Chapter 16
A Community of Tennessee Writers, Readers & Passersby

Fire Children

With Nothing to See Here, Kevin Wilson continues to perfect his gift for surreal tragicomedy

“I thought about those two kids, on fire, beckoning me with open arms. I watched them burn. They were smiling. I wasn’t even asleep. I wasn’t dreaming. This was my waking life now. They stood in front of me. And I pulled them into my arms. And I burst into flames.” In Nothing to See Here, Kevin Wilson once again dazzles with a bizarre, comic, and heartbreaking tale of two children who spontaneously burst into flames and the wayward woman who comes to love them.

Photo: Leigh Anne Couch

Wilson begins his story with a familiar but consistently compelling scenario: Lillian, a poor kid from a dysfunctional lower-class home, seeks deliverance through a scholarship to a toney girls’ boarding school in Tennessee. There, she is befriended by the wealthy, beautiful, and ambitious Madison, who seduces Lillian without even trying. “I want to be powerful,” Madison says. “I want to be the person who makes big things happen, where people owe me so many favors that they can never pay me back.”

“She looked psychotic as she said this,” Lillian says. “I wanted to make out with her.”

Much of the subtext of Nothing to See Here depends upon the allure of the haves to the have-nots, as well as the manner in which the wealthy exploit their social and economic inferiors and cast them aside before — in F. Scott Fitzgerald’s famous phrase — “retreating back into their money or their vast carelessness or whatever it was that kept them together.” Lillian’s career at boarding school ends ignominiously when she takes the fall for Madison’s misdeed. She descends into a failed life as Madison, insulated by her privilege, continues her upward trajectory, eventually becoming the third wife of an even wealthier and more careless Tennessee senator.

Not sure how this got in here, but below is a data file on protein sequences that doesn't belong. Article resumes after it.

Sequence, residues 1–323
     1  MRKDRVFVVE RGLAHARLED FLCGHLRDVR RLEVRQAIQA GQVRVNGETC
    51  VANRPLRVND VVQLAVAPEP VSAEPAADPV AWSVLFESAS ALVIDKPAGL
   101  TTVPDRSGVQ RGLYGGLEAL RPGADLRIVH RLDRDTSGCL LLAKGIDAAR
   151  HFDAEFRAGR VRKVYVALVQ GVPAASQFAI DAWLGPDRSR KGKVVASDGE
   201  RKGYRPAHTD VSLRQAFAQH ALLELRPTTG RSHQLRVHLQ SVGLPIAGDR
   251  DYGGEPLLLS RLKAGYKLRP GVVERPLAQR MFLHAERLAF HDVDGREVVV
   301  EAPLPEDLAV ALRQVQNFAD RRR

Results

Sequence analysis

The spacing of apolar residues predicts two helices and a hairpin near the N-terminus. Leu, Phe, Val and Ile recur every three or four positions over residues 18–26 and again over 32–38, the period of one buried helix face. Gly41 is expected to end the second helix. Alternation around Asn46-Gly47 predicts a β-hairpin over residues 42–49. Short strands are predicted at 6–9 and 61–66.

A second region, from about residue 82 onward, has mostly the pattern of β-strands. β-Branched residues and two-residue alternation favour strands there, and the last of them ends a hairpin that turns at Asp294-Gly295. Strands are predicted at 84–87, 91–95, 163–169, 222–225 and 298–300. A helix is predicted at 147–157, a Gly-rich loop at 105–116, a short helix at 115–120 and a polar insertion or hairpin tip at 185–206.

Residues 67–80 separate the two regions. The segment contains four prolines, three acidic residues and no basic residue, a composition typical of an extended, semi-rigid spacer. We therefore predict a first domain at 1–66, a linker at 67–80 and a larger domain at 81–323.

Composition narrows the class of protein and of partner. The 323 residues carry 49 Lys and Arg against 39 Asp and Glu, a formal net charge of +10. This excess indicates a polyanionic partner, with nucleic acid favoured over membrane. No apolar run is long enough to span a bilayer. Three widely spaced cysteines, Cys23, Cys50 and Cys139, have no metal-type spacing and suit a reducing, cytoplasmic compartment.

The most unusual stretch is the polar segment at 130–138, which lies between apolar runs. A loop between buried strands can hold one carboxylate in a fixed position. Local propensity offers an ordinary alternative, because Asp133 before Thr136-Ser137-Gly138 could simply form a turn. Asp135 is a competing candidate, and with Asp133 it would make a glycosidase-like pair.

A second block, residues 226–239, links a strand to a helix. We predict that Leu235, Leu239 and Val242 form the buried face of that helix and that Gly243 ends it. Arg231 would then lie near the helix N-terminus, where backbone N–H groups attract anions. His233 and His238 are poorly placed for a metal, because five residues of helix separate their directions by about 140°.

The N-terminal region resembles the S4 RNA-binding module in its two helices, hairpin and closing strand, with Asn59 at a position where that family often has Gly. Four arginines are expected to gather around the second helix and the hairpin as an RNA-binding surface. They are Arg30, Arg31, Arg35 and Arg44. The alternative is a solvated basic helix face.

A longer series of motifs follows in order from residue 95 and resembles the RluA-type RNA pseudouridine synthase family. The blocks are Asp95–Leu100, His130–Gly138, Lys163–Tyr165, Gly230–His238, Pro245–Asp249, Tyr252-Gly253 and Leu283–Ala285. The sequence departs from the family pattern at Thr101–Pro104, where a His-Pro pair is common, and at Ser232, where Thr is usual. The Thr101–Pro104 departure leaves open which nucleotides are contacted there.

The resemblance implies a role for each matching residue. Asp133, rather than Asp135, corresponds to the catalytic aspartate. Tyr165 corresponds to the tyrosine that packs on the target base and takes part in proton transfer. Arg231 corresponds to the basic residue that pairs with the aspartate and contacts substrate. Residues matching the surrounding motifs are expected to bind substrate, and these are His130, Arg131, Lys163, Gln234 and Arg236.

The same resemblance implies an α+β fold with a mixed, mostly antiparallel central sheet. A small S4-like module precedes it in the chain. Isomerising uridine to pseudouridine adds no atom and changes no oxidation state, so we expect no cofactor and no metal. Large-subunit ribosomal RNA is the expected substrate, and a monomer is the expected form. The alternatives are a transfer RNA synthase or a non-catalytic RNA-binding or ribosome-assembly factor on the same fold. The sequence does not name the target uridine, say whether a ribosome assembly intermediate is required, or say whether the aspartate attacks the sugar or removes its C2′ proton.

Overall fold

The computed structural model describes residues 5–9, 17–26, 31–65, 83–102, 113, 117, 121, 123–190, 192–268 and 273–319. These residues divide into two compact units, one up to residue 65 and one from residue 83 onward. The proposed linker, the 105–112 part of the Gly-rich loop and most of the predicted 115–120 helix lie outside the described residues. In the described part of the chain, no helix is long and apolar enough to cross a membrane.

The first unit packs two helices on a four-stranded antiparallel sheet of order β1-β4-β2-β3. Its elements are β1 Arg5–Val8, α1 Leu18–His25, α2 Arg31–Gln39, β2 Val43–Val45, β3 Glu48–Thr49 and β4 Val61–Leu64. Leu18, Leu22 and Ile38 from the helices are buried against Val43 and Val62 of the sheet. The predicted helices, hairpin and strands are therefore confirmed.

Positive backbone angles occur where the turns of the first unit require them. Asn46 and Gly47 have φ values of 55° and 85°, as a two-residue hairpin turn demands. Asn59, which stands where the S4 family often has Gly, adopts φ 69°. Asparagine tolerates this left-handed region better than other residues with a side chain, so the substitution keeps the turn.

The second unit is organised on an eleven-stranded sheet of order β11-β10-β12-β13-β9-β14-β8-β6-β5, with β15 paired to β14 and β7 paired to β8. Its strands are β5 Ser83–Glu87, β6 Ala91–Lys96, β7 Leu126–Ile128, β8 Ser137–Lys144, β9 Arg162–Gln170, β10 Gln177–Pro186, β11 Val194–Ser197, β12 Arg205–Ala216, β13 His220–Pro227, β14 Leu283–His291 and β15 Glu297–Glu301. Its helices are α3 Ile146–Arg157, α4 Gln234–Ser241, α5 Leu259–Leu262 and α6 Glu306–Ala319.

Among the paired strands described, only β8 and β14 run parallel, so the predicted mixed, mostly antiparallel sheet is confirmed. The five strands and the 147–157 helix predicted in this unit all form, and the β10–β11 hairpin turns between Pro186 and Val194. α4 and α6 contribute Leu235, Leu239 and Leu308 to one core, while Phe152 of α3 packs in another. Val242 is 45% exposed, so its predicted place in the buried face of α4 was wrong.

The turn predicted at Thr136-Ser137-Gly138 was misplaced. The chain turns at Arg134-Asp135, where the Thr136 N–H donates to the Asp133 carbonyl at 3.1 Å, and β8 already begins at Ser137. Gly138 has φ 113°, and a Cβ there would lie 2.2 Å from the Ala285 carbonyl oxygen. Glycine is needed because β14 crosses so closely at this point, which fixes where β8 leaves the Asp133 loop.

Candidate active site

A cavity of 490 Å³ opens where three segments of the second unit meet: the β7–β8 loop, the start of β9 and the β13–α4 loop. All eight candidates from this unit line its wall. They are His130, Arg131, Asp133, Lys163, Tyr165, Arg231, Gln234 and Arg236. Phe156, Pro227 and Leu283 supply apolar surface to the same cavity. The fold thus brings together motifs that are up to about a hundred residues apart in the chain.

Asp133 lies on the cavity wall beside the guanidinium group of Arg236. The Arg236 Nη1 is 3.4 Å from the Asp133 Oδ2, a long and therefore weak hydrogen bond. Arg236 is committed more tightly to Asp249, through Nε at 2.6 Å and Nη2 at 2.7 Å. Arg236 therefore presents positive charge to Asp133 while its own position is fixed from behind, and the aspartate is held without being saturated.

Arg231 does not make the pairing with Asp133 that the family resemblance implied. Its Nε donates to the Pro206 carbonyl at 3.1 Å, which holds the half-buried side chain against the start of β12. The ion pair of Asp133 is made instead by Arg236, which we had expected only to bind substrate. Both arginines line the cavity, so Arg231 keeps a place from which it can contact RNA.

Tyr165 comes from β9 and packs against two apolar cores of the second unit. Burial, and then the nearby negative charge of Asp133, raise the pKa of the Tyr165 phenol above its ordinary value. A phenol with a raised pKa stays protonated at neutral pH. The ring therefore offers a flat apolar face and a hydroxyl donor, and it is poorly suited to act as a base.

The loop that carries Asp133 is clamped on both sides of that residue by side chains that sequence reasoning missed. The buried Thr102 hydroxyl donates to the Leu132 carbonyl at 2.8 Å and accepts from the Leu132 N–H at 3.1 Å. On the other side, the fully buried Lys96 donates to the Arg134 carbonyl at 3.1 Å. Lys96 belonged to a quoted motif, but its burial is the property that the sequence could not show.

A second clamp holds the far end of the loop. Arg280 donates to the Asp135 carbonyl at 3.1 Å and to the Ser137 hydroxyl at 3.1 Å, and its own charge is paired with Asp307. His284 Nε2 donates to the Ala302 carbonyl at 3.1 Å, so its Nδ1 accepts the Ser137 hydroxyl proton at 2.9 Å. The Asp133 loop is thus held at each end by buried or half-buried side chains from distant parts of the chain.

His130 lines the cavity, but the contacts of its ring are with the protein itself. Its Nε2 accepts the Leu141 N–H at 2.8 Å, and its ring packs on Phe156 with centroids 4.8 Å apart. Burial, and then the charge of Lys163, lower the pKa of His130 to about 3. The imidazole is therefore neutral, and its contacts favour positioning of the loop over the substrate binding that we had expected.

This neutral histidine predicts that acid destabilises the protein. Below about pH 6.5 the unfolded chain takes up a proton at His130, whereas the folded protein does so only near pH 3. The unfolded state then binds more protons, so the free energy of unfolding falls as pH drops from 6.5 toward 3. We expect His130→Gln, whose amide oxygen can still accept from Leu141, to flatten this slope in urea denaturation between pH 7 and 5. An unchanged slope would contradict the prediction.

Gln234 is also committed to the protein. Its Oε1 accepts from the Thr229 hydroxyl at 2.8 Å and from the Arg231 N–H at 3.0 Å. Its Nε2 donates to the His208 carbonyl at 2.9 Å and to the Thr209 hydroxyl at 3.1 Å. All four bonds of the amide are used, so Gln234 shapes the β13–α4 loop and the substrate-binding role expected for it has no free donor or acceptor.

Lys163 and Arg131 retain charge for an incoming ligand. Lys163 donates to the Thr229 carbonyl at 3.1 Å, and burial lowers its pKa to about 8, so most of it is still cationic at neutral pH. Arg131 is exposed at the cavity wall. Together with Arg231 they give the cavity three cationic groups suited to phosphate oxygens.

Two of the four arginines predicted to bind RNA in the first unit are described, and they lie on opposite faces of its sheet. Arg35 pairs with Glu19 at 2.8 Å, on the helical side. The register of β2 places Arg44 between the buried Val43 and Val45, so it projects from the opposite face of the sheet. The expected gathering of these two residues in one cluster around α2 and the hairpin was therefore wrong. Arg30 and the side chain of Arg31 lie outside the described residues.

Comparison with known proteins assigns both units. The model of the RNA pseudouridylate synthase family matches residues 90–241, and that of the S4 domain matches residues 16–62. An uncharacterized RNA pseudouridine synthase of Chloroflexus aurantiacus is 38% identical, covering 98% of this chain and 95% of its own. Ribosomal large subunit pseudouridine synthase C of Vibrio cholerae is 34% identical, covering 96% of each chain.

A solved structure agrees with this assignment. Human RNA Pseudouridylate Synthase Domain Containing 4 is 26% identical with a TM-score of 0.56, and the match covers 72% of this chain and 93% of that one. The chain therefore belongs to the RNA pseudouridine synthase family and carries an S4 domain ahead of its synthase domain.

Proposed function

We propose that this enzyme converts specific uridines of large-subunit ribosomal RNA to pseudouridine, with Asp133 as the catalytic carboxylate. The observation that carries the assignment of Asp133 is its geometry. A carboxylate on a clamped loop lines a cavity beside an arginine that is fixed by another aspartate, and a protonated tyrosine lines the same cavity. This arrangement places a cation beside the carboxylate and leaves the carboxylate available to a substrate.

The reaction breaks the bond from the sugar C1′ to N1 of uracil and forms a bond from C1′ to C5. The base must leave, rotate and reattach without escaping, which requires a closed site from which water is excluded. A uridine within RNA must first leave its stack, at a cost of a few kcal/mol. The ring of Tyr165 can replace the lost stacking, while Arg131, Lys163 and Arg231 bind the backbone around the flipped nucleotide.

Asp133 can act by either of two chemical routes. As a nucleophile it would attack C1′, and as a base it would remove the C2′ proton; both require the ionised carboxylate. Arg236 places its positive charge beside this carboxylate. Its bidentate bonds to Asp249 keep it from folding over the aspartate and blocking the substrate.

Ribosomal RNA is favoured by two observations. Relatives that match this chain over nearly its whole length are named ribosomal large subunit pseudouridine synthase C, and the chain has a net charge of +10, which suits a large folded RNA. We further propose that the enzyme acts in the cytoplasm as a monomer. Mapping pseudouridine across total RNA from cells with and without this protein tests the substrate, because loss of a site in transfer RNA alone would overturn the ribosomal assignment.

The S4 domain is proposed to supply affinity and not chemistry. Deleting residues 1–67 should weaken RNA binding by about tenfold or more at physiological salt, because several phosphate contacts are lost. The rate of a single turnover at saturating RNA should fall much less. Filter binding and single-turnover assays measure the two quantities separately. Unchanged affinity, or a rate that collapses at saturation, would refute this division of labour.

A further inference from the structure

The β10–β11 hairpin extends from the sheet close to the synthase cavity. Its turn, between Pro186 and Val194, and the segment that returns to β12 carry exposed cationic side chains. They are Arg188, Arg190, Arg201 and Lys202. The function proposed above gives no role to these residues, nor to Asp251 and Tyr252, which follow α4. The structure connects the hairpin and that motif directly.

Here, the story enters Kevin Wilson’s unique territory, a world familiar to readers of his previous work, especially his bestselling debut novel The Family Fang: a dryly comic, surreal phantasmagoria reminiscent of Kafka, Garcia-Marquez, and their heirs, from David Foster Wallace to Karen Russell.

Years later, Lillian — perpetually stoned, working low-wage jobs, and living in her dissolute mother’s attic —receives a summons from her old friend. Madison’s husband is being considered for a cabinet post, and the family needs a nanny for the senator’s children from a previous marriage, 10-year-old twins with an unusual condition:

“I guess the kids get really hot when they’re agitated and they can just catch fire,” Madison says.

“Children made of fire,” Lillian thinks to herself. “That seemed like something I wanted to see.”

Kevin Wilson’s gifts as a stylist, his wicked wit, and his penchant for surreal, absurdist conceits belie the fact that he is, at heart, an earnest observer of domesticity and a zealous believer in the power of love to redeem all sins and shortcomings — particularly love for needy, damaged children. Nothing to See Here is so clever and inventive, and the comic pleasures of its acerbic narrator so engrossing, that one could almost overlook how Lillian’s growing maternal love for her erstwhile friend’s peculiar stepchildren transforms her, as well, with the same perilous and astounding force of a spontaneous explosion of fire.

Fire Children

Ed Tarkington’s debut novel, Only Love Can Break Your Heart, was published by Algonquin Books in 2016. His second novel, The Fortunate Ones, is forthcoming from Algonquin in 2020. He lives in Nashville.